Brown’s approach sets it apart from other schools. In fact, a math professor who has taught at several universities, including one “up the road,” recently told me that teaching at Brown is more satisfying and interesting than any teaching he has ever done. When I asked him why, he said that “For the first time, I am teaching students who actually want to learn mathematics!”
Similarly, a leading administrator at a peer university with a strong core curriculum, is known to have said that he spends much of his time persuading faculty to teach courses they don’t want to teach to students who don’t want to learn the material. There is no joy in learning here. At Brown, we believe that learning should be a daring adventure, not a forced march.
If you walk over to the Faunce Arch just off the Main Green, you will find an Entity Relationship diagram on display, a data visualization showing how different academic departments relate to each other. It captures this distinctive quality at Brown – its insistence on collaboration across people and across areas of inquiry. You might ask, “Why at Brown and not elsewhere?”
Well, here is what it says on the diagram. “Many aspects of Brown – including our compact campus and Open Curriculum – help create networks of relationships across departments that interconnect our students and faculty in unexpected and unique ways. This leads to the collaboration that fuels the innovation, high-impact teaching, research and scholarship that take place at Brown and make a difference in society and the world.”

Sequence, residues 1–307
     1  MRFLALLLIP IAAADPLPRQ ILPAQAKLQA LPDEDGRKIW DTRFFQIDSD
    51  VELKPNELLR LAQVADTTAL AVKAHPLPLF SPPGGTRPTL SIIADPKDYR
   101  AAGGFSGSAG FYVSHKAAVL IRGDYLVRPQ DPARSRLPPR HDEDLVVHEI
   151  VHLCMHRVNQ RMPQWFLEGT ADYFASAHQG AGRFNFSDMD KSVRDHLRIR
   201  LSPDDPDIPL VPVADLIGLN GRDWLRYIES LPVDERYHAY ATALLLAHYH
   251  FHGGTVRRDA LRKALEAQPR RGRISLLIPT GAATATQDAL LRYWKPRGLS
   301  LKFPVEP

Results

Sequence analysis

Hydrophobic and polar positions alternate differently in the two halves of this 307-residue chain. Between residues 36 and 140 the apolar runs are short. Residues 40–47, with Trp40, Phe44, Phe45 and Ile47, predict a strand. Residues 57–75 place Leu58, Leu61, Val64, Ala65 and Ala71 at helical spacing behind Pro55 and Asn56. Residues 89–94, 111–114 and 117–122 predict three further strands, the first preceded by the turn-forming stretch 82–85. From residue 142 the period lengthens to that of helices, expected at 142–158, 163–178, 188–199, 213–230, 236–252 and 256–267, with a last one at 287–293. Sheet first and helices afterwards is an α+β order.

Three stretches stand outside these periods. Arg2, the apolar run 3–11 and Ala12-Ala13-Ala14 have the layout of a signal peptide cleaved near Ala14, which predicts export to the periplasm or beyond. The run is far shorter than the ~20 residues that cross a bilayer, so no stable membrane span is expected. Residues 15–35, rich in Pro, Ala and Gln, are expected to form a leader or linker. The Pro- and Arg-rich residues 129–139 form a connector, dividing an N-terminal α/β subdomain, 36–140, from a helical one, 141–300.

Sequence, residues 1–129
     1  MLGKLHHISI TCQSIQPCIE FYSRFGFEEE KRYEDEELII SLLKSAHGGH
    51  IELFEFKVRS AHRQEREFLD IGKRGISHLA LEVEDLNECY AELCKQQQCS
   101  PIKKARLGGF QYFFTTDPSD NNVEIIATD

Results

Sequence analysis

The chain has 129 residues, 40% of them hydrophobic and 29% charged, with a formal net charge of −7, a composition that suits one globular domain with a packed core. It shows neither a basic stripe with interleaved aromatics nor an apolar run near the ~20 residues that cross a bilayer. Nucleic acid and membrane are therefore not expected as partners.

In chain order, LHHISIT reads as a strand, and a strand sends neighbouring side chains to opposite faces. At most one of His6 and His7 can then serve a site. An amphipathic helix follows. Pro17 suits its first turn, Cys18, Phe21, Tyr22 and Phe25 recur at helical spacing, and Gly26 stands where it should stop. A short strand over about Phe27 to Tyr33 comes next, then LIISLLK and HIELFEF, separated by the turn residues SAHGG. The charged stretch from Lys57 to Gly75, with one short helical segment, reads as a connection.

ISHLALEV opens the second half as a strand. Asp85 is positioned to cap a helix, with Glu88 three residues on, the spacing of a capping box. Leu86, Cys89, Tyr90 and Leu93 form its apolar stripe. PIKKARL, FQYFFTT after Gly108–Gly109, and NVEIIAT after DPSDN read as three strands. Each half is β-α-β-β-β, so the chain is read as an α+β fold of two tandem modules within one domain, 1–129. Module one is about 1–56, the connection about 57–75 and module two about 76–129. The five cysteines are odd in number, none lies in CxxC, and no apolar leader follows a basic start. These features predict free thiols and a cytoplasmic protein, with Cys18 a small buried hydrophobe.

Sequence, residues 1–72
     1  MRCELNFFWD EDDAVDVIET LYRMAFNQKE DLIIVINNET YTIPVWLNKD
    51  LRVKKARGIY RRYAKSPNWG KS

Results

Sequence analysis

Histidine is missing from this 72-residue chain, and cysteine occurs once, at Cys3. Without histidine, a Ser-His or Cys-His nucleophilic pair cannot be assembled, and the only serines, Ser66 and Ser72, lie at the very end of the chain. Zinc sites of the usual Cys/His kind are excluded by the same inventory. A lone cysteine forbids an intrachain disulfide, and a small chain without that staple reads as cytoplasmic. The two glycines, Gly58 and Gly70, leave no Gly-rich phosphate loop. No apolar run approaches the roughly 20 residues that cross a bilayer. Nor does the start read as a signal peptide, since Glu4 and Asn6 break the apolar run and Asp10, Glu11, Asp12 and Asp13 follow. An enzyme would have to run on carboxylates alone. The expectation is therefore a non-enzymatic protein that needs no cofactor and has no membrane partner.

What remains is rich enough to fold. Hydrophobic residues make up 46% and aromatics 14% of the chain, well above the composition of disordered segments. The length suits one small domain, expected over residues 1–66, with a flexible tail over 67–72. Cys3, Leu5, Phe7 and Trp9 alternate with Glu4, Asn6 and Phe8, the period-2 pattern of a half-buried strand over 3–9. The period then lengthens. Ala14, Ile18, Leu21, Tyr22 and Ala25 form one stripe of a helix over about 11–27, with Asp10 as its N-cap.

There it is: the university-college idea – that Brown is a liberal arts college integrated into a major research university. It means that Brown is a place where faculty-student collaboration is prized and encouraged through interdisciplinary scholarship, at all levels, in fields such as engineering, the humanities, and public and international affairs.
It means undergraduate students are, in every way, full partners with graduate students and faculty. Undergraduates can and do take graduate courses, work in research labs, collaborate with faculty on archival research and archaeological digs, and conduct independent research projects that lead to publishable works.
It means opportunities everywhere – in internships sponsored by alumni and parents through our BrownConnect platform, in our Undergraduate Teaching and Research Award program, in initiatives that bring together engineers and philosophers or biomedical researchers and artists, and in our many academic hubs and centers.